When a sense of duty led him to form a decision, he was not readily moved: he states in his journal, while employed in missioning, “I was opposed by policemen and others, but was resolved, as far as possible, to do my duty.” His temper, naturally amiable, was much improved by Divine grace. Humility was an eminent trait in his character; however much he was applauded by others, he was little in his own eyes, overlooking his own excellences, and accounting himself an unprofitable servant. He loved private prayer and communion with God, and daily retired at stated times for the enjoyment of them. In his pastoral visits, foolish conversation was scrupulously avoided, while important topics were dwelt upon with an earnestness and interest which gained him great esteem.

His illness commenced on December 20th, 1846; when he complained of pain in his head, arising, as he thought, from a cold. During the week I offered to supply his three appointments on the 27th; but he thought it needless to supply more than one, remarking that he would endeavour to take those of the afternoon and evening. Accordingly, he discoursed to the people on the shortness of time and the certainty of death; and his address was unusually solemn and affecting. On the 28th, his indisposition increased, and at night he was seized with an inflammation in the bowels. After returning home from the country, late in the evening of the 29th, I hasted to see him, and, finding the disorder increasing, I remained with him most of the night. On the following day his pain abated, and we thought his disease had abated also; but, ah! in the evening it appeared to be beyond the control of medicine, and soon there was little hope left of his recovery. He was apprized of his approaching dissolution; but calmness and resignation possessed his soul. He proceeded to express his wishes relative to his worldly concerns and funeral, &c.; and these affairs being adjusted, he appeared wistfully to await the signal for flight. I said, “You feel the Redeemer precious, Mr. Fletcher ;” and he replied, “I do, I do; the gospel I have preached to others is able to support me under these sufferings: I wish to depart, and be with Christ, which is far better,” As his exit approached, he exclaimed, “Come, Lord Jesus, come quickly,” and, waving his hands, he said, “Victory! victory through the——” Here his voice faltered, and on his lips the word “Glory” quivered till the vital spark escaped from the clay-tenement; which event occurred at a quarter past five o’clock in the morning of December 31st, 1846, in the twenty-eighth year of his age.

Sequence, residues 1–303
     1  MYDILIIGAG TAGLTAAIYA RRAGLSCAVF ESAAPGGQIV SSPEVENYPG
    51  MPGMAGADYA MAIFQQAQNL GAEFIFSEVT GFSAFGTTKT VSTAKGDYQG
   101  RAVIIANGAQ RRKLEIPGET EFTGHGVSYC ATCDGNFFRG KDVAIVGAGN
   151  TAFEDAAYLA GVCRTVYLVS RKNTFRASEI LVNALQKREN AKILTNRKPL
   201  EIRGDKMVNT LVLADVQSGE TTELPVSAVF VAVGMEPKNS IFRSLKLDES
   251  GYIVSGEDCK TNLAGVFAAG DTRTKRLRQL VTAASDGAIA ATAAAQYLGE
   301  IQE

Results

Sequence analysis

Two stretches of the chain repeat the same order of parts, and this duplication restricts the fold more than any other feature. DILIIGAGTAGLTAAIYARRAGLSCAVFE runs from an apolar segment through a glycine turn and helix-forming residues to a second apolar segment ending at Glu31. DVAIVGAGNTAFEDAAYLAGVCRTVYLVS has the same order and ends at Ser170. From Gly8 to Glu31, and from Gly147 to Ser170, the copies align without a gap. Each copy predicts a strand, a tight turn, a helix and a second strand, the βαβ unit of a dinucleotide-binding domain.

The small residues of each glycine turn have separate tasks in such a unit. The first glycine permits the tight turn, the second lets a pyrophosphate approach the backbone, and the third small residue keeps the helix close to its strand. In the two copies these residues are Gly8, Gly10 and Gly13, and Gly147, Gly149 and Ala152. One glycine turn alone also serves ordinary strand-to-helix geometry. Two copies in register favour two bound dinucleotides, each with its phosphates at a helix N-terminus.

Charles was born in 1818 at Longwood Dean, nr Winchester, Hampshire. I have not been able to identify his parents in online records.

Charles died on 31 December 1846 at Luton, Bedfordshire.


  • 1844 Micheldever
  • 1845 Wallingford
  • 1846 Luton


Primitive Methodist Magazine 1847/133

W Leary, Directory of Primitive Methodist Ministers and their Circuits, 1990

Census Returns and Births, Marriages & Deaths Registers